Understanding How to Treat and Manage Breast Eczema


You feel some discomfort on your chest, take off your shirt to check it out and see red, irritated patches of skin, it could be eczema, also known as atopic dermatitis. But don’t panic just yet. If a doctor confirms you have breast eczema, there are easy ways to soothe the sensitive skin in this area. Read on to find out what exactly breast eczema is, and how to get relief.

What causes eczema on your breast?

Eczema in general is caused by family history, having allergies or asthma, and being exposed to irritants in your environment, according to the American Academy of Dermatology. If your immune system is especially sensitive, it may overreact to things like pollen or pollution, too, causing you to experience a flare-up. The National Eczema Association reports that one in 10 people will develop eczema during the course of their lives.

Breast eczema also occurs when your skin reacts to something irritating, or that you’re allergic to. “Taking care of your skin is the best way to prevent and improve it,” says Cula N. Svidzsinki, MD, PhD, assistant professor of dermatology at Icahn School of Medicine at Mount Sinai in New York City. The first questions to ask yourself: Am I using new products in this area? Is the fabric of my new shirt irritating my skin? Some easy detective work can instantly uncover the reason for the problem.


What does breast eczema look like?

Breast eczema can present as a scaly, inflamed, itchy rash, as it does on other parts of the body. Know this, though: according to Cleveland Clinic, breast eczema can bear a strong resemblance to Paget’s Disease, which is a rare form of breast cancer. The symptoms of both conditions can include discoloration of your nipple area, a flat or inverted nipple, itchy, tingly, crusty, thick skin and leaking blood or yellow discharge from around your nipple. However, Paget’s Disease usually appears in just one breast, while eczema can appear all across your chest.

dermatitis eczema texture of ill human skin

PansLaos//Getty Images

Still, if you have any of the above symptoms, you want to see your doctor. “The most important thing is to make sure there is no underlying breast disease,” says Mona Gohara, MD, associate clinical professor of dermatology at Yale University School of Medicine. “All of your breast imaging – mammograms and ultrasounds – should be up-to-date.”

You can also develop a specific kind of eczema on your breasts called nummular eczema, which is characterized by red skin lesions that look like coins. A study by Japanese researchers found that nummular eczema can occur on the breasts as a skin complication from reconstructive surgery after breast reconstruction. Discuss this with your surgeon and dermatologist if you experience it.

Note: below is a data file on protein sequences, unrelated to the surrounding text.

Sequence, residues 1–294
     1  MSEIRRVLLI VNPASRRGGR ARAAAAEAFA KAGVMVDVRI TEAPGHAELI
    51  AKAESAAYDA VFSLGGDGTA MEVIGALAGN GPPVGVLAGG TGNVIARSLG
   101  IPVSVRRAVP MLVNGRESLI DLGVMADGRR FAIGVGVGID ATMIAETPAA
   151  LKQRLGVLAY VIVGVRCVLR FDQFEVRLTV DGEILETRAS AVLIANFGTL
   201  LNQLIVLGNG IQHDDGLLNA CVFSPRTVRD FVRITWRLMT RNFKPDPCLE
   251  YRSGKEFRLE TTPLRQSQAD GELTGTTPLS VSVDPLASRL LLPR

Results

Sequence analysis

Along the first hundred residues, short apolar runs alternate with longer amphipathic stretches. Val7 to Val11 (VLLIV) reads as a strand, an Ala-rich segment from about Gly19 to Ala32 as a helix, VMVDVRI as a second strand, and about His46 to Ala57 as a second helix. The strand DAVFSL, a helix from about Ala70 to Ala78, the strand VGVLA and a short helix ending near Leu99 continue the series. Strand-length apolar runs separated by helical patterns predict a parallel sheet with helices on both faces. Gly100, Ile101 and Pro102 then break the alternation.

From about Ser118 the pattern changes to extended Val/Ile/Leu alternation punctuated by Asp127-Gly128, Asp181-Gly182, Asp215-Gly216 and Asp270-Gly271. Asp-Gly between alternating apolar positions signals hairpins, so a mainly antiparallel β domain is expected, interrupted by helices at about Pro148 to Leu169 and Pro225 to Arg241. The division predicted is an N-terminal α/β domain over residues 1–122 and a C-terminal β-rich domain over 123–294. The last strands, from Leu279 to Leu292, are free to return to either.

Can I get eczema on my nipples?

You can indeed. Cleveland Clinic also reports that signs of breast eczema to look for include an inflamed, itchy rash around your areola and on your nipples; brown, red or gray spots on the skin around your nipples; small skin bumps in the region that ooze; and dry skin that may scab over. It may cause a burning sensation when you breastfeed as well.

Eczema on your nipples can happen when your clothes rub against your skin. AA study by Koren scientists found that eczema on your nipples is most often caused by an allergic reaction. It’s really common to have this kind of reaction to soap, laundry detergent or body lotion.

How to treat eczema:

Often, your doctor will recommend a low-potency topical steroid cream to clear up eczema. If you have eczema on or around your nipples, and you’re a nursing mom, the National Eczema Association recommends applying this kind of cream after you breastfeed, to allow it time to absorb into your skin. Use as little cream as you can, because there is evidence of growth issues and high blood pressure in babies from prolonged skin contact with these meds. For this reason and/or discomfort, you may prefer to pump your milk during eczema flare-ups. “Moisturize the flange of the bottle with Vaseline to minimize friction during pumping,” says Dr. Svidzsinki.

How can I stop breast eczema from coming back?

You can’t cure eczema completely, but you can do a lot to prevent flare-ups. “A gentle non-soap cleanser and fragrance-free moisturizing cream are good starting points,” says Dr. Gohara. Make sure you launder your clothes the right way, too. “If you wear bras, make sure to use free-and-clear laundry detergent and skip fabric softener,” Dr. Gohara adds.

Dr. Svidzsinki offers the following simple tips:

  • Shorten your shower time to 15 minutes, and use warm water, not hot
  • Avoid rubbing your breasts with a washcloth or loofah, which may cause skin micro-tears or irritation
  • Wear unpadded cotton bras if possible, as foam padding traps particles like allergens, which can be highly irritating to your skin.

The real key to coping with breast eczema: simple but powerful TLC. Treat your skin as gently as you can, and you’ll lessen your chances of an uncomfortable breakout.

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